5 simple ways to customise the WordPress login page

05 August, 2013 by Tom Elliott

There are a number of reasons why you might want to change the appearance of the default WordPress login screen. For example; creating professional branded client login pages, reinforcing your current website branding (especially if you have multiple authors), or just for a bit of a change because you’re tired of looking at the same old login screen day after day.

Here’s what the admin screen for Web Dev Door currently looks like:
Admin login screen branding

In this post, I’ll run through how you can customise the WordPress login screen in a similar way without the use of any plugins. All of these changes are done through your themes functions.php file by adding CSS classes through filters that override the default login page styling.

1. Replace the WordPress logo

To change the WordPress logo on the login screen we need to use the ‘login_head’ filter and link it to a function that injects some CSS to replace the default logo with your own image.

Add the below PHP anywhere in your themes functions.php file. The WordPress logo used on the login page is 274 x 63 pixels but it’s likely yours is a different size so we need to override the background size and height of the h1 a tag to the dimensions of your logo. The Web Dev Door image used in this example is 312 x 147.

By adding !important to the CSS, we can override any existing and inline styles.

add_action('login_head','new_login_styles');

function new_login_styles() {
    echo '<style type="text/css">
         h1 a {
		background-image:url('.get_bloginfo( 'template_url' ).'/images/your-logo-image.png) !important;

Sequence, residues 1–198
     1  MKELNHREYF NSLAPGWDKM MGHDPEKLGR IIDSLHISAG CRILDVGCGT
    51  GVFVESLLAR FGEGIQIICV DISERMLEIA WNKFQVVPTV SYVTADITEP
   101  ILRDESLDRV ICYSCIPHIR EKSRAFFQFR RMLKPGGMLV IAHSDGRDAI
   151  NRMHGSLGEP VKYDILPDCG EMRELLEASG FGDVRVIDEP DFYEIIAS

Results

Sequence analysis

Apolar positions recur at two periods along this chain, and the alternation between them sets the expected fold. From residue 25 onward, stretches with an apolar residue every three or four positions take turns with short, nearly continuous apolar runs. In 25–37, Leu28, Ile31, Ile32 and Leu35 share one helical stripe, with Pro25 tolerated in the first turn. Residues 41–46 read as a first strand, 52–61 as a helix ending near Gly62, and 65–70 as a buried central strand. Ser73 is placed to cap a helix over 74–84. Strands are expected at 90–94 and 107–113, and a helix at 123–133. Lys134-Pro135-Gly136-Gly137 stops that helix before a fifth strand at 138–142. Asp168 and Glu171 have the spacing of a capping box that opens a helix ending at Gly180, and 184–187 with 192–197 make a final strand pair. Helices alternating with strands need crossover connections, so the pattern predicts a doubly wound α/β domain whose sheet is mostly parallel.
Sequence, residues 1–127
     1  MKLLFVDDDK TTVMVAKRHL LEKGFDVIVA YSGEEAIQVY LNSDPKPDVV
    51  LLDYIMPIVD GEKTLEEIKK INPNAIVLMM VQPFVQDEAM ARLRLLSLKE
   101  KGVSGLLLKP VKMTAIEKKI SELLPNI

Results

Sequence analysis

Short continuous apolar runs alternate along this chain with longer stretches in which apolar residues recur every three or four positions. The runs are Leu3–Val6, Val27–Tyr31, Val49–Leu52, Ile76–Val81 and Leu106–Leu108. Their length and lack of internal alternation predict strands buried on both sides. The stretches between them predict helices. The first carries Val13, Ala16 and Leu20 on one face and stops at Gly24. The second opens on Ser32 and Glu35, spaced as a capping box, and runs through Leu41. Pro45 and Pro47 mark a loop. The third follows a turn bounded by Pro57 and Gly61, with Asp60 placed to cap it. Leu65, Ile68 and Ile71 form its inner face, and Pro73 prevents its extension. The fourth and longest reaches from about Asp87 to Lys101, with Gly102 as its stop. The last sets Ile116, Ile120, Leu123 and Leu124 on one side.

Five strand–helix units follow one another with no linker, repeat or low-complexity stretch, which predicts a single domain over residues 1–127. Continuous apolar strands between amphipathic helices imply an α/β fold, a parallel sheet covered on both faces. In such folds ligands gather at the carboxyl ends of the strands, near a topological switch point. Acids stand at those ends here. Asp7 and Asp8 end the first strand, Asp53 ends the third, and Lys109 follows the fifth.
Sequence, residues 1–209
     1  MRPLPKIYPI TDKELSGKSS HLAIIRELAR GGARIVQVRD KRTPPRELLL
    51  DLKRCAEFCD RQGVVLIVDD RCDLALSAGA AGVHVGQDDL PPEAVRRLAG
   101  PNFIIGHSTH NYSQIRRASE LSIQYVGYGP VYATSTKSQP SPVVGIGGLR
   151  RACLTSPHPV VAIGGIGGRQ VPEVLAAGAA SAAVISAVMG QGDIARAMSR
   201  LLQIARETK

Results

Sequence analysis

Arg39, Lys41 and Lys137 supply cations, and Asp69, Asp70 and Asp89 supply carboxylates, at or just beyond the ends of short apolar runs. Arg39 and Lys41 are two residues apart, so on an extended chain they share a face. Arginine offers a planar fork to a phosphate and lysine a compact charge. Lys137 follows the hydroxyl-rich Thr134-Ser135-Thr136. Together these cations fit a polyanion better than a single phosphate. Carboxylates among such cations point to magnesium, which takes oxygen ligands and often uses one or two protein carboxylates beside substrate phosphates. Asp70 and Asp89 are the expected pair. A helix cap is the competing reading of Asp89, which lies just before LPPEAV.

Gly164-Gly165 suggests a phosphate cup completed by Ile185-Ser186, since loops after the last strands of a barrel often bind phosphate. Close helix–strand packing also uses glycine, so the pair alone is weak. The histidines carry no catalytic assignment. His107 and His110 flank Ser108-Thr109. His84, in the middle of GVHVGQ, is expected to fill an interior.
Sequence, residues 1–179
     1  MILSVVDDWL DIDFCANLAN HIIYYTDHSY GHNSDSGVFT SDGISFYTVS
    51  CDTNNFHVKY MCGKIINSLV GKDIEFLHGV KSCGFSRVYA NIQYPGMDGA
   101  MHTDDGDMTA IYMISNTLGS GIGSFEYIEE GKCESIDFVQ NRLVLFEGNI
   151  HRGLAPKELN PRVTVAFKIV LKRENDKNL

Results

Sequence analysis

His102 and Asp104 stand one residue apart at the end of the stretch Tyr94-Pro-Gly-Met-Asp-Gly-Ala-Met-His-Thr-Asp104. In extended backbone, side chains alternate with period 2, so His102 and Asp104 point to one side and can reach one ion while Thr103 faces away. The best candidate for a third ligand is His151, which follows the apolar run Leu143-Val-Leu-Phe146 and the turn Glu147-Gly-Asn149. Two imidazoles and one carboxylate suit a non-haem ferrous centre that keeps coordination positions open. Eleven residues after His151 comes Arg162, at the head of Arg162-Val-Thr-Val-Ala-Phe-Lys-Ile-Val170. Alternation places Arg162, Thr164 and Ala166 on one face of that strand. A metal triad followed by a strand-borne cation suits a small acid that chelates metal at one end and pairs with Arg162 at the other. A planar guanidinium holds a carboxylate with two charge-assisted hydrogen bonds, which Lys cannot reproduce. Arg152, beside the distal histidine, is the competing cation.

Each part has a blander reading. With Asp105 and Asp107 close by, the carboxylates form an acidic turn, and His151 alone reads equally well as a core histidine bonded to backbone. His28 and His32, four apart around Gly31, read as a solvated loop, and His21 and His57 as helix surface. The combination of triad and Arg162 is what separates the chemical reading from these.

background-size:312px auto !important;
		padding:0px !important;
		height:147px !important;
	      }
	</style>';
}

While we’re on this subject, you may also want to alter the rollover title and logo hyperlink. For this we need to use the ‘login_headertitle’ and ‘login_headerurl’ filters to return the root URL for the website and use the blog name for the rollover title.

add_filter('login_headertitle', 'new_login_title');
add_filter('login_headerurl', 'new_login_url');

function new_login_url() {
    return home_url( '/' );
}

function new_login_title() {
    return get_option('blogname');
}

2. Add a background image.

Changing the background colour or adding a background image to the login screen can also be a great way to customise the branding of your WordPress login screen. The below CSS can be added to our existing new_login_styles function below the h1 a class. The CSS targets the main body tag and centres an image to the top of the page.

body {
	background-color:#FFF !important;
	background-image:url('.get_bloginfo( 'template_url' ).'/images/background-image.jpg) !important;
	background-position:top !important;
	background-repeat:no-repeat !important;
}

3. Change the login form colours

The default WordPress login form has a white background and grey text but I wanted my form to have a dark grey background and white text. This can be done using the following:

#loginform {
   background-color:#B0B2B6;
}
.login label {
  color:#FFF;
}

4. Change the login button style.

The following style can be used to change the blue gradient, border and hover styles of the login button. The light blue highlight on the button can also be targeted using inset box-style and -webkit-box-shadow. In the example below, the login button is changed to an off-grey using the following CSS.

.login .button-primary {
	background-image:none !important;
	background-color:#8f919d !important;
	border:1px solid #666 !important;
	-webkit-box-shadow: inset 0 1px 0 rgba(230,230,230,0.5) !important;
	box-shadow: inset 0 1px 0 rgba(230,230,230,0.5) !important;
}
.login .button-primary:hover {
	background-color:#757580 !important;
}

5. Hide the forgot password and back links

If you don’t use the forgotten password or back to homepage links at the bottom of the login page, you might want to hide them to create a slightly cleaner look. This can be achieved using the below CSS:

#backtoblog {
	display:none;
}
#nav {
	display:none;
}


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One Comment

  • Alan says:

    thanks for the tutorial — everything works but the images // any ideas what is wrong in my path so that the images aren’t loading?

    background-image:url(‘.get_bloginfo( ‘template_url’ ).’/images/aseweb-login-80×55.png) !important;
    background-size:80px auto !important;
    padding:0px !important;
    height:55px !important;

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